One of the themes of this training camp has been the maturation of Kyrie Irving. He still isn’t old enough to buy a beer, but he’s no longer the “young fella,” in part because Ramon Sessions isn’t around to call him that.
Neither are Anthony Parker nor Antawn Jamison back. Irving wasn’t exactly meek last season, but he also knew his place in the locker room fell somewhere behind the more experienced veterans. Not anymore.
The Irving who returned this summer is more aggressive on and off the court. He’s looking for his own shot more often, calling for the ball from teammates and even running his own plays in practice — plays that actually don’t exist in the real playbook.
“He keeps calling all these plays,” coach Byron Scott said. “We’ve got a couple plays called ‘X.’ None of them say ‘X1’ and he calls ‘X1.’ ”
Scott laughed while saying it, but it’s clear Irving is taking on even more of a scorer’s mentality after leading the team in scoring last season at 18.5 points per game. Scott would eventually like to see his scoring figures level off or even decrease a bit once he has more scorers around him, but right now scoring is hard to come by when Irving isn’t on the floor.
He struggled terribly with his shot through the first few preseason games, but he has shot 54 percent in the past two contests (13-of-24). He is finding his rhythm from 3-point range, too, which is part of the reason Scott said about a week ago that Irving is the best outside shooter on this team.
Irving was surprised Scott would say such a thing.
“I can’t believe coach Scott said that. I shoot outside shots … some of the shots I should take I don’t take at times,” Irving said.
The fact the Cavs’ best outside shooter is their point guard and their shooting guard and is more comfortable with the ball in his hands initiating the offense is just one of the intricacies they’re trying to work through this camp.
In fact, Irving keeps telling Scott and reporters he wants to play inside more and post up other point guards. He did it, at times, last season with varying degrees of success but wants to do it more often this season.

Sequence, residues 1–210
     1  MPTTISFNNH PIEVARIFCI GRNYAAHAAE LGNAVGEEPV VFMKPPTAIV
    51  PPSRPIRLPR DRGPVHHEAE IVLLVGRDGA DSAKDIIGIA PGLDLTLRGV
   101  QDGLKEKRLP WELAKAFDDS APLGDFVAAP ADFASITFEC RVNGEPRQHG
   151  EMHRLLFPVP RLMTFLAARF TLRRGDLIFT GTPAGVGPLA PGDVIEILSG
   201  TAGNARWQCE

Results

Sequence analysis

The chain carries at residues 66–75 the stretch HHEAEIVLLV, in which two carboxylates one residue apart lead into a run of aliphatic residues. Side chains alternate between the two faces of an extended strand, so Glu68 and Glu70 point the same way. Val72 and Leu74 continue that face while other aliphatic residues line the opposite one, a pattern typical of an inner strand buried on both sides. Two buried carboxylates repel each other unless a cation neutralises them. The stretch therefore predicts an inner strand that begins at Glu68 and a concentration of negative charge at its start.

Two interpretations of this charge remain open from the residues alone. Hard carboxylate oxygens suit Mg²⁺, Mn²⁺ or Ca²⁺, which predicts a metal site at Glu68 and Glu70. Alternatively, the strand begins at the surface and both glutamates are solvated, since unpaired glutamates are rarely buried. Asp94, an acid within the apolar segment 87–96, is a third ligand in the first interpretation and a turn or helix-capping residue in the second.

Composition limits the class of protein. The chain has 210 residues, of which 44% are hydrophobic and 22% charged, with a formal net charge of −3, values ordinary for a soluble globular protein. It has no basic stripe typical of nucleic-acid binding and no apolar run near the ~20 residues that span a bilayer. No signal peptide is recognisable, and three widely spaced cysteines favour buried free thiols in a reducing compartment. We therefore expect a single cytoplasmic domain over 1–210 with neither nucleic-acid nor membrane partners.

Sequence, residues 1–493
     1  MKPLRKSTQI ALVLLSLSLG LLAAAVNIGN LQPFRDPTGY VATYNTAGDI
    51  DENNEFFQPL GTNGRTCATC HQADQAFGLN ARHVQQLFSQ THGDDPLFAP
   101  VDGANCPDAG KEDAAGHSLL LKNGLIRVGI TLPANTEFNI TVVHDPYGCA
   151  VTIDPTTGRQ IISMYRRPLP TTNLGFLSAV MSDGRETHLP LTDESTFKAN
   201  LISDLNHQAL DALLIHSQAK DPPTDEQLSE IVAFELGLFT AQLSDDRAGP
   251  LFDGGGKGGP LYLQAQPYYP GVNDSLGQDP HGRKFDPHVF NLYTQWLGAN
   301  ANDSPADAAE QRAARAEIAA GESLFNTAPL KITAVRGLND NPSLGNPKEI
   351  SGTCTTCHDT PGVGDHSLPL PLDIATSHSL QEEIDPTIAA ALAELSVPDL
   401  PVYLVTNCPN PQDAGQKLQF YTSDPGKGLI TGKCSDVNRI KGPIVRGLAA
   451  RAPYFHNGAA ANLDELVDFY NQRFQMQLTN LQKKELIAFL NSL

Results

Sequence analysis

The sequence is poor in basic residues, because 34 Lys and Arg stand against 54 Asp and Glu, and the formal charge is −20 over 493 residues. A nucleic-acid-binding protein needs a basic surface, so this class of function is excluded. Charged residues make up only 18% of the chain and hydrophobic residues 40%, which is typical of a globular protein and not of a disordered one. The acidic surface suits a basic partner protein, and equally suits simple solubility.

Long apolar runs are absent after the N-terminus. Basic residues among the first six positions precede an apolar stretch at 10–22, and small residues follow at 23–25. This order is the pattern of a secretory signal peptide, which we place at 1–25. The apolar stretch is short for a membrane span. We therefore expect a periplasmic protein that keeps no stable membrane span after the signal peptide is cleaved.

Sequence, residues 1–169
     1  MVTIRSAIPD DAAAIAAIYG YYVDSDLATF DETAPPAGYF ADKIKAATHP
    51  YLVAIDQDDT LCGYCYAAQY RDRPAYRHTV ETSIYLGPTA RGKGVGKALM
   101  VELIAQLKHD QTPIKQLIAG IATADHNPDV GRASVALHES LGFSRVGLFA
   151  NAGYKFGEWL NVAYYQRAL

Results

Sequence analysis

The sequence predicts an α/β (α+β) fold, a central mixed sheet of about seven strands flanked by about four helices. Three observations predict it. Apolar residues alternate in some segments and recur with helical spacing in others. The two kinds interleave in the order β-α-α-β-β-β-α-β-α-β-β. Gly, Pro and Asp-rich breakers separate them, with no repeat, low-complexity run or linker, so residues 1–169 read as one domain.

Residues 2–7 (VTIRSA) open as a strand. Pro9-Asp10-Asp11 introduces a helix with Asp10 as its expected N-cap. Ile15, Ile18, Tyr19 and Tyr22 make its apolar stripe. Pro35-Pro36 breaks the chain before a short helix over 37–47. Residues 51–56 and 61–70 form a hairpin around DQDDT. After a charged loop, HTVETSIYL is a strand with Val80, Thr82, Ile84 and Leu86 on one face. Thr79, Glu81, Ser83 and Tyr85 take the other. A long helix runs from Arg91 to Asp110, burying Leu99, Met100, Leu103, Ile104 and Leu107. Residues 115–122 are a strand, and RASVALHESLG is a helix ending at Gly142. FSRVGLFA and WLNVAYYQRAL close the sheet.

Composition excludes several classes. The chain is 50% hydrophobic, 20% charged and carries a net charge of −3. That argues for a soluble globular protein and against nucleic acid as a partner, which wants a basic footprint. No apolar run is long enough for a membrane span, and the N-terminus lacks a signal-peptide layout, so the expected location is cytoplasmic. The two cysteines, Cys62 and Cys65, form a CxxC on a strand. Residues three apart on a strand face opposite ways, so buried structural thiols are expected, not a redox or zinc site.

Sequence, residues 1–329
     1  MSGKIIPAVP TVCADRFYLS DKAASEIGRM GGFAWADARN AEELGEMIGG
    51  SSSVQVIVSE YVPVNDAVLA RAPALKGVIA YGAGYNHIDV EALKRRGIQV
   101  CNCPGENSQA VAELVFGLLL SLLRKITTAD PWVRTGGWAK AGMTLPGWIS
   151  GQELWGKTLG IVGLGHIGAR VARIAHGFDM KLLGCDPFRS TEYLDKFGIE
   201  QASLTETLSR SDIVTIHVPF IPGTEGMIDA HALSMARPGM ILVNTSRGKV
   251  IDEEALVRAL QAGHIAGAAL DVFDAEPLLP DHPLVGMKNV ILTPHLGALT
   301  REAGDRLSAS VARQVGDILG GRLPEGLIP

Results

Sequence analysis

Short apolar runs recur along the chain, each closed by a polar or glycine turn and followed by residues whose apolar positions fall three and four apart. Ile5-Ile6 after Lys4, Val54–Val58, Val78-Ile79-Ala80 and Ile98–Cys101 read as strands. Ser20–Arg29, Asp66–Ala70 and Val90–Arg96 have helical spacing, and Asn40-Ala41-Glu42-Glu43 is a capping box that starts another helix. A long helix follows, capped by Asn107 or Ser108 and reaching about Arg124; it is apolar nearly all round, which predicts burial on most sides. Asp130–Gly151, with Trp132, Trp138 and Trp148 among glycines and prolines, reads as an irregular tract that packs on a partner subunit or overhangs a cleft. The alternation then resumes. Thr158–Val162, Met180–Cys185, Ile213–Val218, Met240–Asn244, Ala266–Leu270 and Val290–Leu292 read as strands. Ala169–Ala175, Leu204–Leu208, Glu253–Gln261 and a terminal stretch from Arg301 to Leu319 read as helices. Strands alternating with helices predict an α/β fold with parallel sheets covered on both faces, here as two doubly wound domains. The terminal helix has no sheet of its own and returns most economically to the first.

It’s part of the reason he added a little muscle in the offseason. It wasn’t much — he says it was about five pounds — but it will give him a little more meat to withstand the punishment of a full season. It also gives him a few more pounds to bump around inside when necessary.
“I feel like I added another piece to my game,” Irving said. “Just adding that [weight] and being able to withstand a whole entire game without getting knocked down. Players are more physical in the NBA and I wanted to be more prepared this season.”
Veterans such as Anderson Varejao and Daniel Gibson remain, but this is evolving into Irving’s team now and he’s acting as such.
When his fractured hand prevented him from participating in pickup games with teammates over the summer, he was still at the facility watching rookie Dion Waiters. And when Waiters passed up an open shot in a scrimmage, Irving came shouting from the side and told him to take those shots.
He is a flourishing superstar whom the rest of the country is quickly discovering. His idea over the summer to play an old man named “Uncle Drew” in a Pepsi Max commercial quickly became an Internet sensation. Now he’ll appear Monday as himself in Disney’s television show Kickin’ It.
The rest of the NBA learned of Irving last year. Now he has to prove that his post moves, his improvement on defense and his aggressiveness in finding his own shots can make him even better.
“It’s going to be a lot tougher on him, there’s no doubt about that,” Scott said. “But I feel comfortable and confident that he’s going to be able to have a real good season. I think adding the guys that we’ve added around him are going to help as well. I think Kyrie is going to have a breakout season.”
Jason Lloyd can be reached at firstname.lastname@example.org. Read the Cavs blog at http://www.ohio.com/cavs. Follow him on Twitter http://www.twitter.com/JasonLloydABJ. Follow ABJ sports on Facebook at http://www.facebook.com/sports.abj.